Cynical pulp novelist Holly Martins arrives in shadowy Vienna to investigate the mysterious death of his old friend, black-market opportunist Harry Lime, and thus begins an ever-thickening web of love, deception, and murder that adds up to one of cinemas most immortal treats, as well as one of its trickiest. Thanks to brilliant performances by Joseph Cotten, Alida Valli, and Orson Welles; Anton Karass timeless, evocative zither score; Graham Greenes razor-sharp dialogue; and Robert Kraskers haunting deep focus shots, off-kilter angles, and dramatic use of light and shadow, The Third Man, directed by the inimitable Carol Reed, only grows in stature as the years pass.
There have been few better movies in the history of the planet than The Third Man
, and fewer still as brilliantly directed from second to second. Orson Welles played the title role, and his legend has tended to engulf the film. But it was directed by Carol Reed and written--except for a Wellesian riff on the Borgias--by Graham Greene, and the credit for this masterpiece is properly theirs. Theirs and Joseph Cotten's; for awesome as Welles is, his Citizen Kane
second banana is onscreen about six times as much, and Cotten uses every minute to create one of the most distinctive--if also forlorn--of modern heroes.
You know the story. Holly Martins (Cotten), a writer of pulp Westerns and one of life's congenital third-raters, arrives in post-WWII Vienna only to learn that his old pal Harry Lime, the guy who sent him his plane ticket, is being buried. Everybody, from a cynical British cop named Calloway (Trevor Howard) to Harry's Continental knockout of a girlfriend (AlidaValli) and his sundry absurd/Euro-sinister business associates, feels that Holly should get on another plane and go home. He doesn't. Things come to light. Other deaths follow. The world lies in utter ruin.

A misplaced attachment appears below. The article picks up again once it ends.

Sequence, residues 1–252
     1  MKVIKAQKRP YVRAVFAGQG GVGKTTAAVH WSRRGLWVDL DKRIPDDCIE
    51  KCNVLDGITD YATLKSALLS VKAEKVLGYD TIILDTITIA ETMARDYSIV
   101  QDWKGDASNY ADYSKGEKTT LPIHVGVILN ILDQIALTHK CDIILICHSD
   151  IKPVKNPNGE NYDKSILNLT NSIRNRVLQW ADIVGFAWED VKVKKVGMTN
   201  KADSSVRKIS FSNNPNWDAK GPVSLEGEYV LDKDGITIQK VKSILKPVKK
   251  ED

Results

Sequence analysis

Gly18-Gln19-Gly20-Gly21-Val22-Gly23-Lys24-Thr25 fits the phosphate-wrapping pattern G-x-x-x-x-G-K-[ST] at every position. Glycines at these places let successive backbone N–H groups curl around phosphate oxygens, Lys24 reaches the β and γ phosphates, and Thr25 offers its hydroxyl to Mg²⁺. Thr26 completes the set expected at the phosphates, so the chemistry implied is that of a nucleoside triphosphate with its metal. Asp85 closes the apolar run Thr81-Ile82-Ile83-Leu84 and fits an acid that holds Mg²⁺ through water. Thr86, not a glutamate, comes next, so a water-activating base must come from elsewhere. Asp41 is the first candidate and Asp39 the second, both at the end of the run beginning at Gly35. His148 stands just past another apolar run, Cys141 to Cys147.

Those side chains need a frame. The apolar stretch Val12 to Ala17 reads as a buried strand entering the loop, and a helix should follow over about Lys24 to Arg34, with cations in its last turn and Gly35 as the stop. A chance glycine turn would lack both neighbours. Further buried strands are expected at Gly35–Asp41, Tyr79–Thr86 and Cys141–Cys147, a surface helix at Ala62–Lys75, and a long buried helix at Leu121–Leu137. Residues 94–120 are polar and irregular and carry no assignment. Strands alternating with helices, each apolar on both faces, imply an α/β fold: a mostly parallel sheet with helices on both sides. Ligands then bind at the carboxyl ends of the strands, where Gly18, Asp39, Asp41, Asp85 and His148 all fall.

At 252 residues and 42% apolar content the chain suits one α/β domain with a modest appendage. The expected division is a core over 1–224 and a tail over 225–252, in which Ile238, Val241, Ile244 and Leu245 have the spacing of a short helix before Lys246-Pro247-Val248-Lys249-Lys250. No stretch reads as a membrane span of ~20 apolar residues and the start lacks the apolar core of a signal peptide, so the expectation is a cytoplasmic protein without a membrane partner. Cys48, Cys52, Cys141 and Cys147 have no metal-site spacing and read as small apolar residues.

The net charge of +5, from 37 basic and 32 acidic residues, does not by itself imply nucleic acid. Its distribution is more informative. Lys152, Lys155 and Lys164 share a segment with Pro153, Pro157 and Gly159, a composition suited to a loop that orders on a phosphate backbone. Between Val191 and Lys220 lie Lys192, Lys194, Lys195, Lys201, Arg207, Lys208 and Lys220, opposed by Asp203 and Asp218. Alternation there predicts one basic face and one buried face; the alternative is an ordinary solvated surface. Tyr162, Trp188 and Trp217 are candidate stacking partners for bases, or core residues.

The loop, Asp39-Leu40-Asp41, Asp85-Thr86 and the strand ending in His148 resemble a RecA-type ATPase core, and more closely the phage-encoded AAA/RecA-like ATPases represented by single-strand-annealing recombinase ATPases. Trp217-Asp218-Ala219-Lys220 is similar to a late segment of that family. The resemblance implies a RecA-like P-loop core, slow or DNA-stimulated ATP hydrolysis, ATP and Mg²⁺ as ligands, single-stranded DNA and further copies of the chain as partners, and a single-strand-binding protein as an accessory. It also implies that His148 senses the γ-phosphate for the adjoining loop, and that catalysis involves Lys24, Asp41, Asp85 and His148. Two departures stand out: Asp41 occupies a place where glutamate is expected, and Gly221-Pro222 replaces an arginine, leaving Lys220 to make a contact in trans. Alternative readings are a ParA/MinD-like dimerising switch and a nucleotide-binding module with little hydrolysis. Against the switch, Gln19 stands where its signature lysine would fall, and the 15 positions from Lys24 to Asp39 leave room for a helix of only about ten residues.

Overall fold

The Third Man completed a sublime hat trick--an international critical and popular smash following upon the success of Reed's Odd Man Out ('47) and The Fallen Idol ('48). Although other filmmakers had begun to use war-ravaged Europe as a great movie set, The Third Man is so vivid in its canny mix of gray semidocumentary and insanely angular, Expressionist/Surrealist chiaroscuro that it seems to have imagined not only the postwar thriller but also postwar Europe itself singlehandedly.
What great movie moments: The throwaway details like a mourner who forgets to drop his wreath on a newly dug grave. The sly editing whereby thick-headed Sergeant Paine (Bernard Lee, once and future "M" to 007) goes on leafing through a magazine, knowing just the moment he must rise and subdue the nervy Yank who would take a punch at his boss. The way Anton Karas's legendary zither score seems to jangle in the very guy-lines of a bridge where, far below Robert Krasker's Oscar-winning camera, the Third Man calls a war council. The shadow of a dead man towering, big as Europe, over the nighttime streets of Vienna. --Richard T. Jameson
Stills from The Third Man (Click for larger image)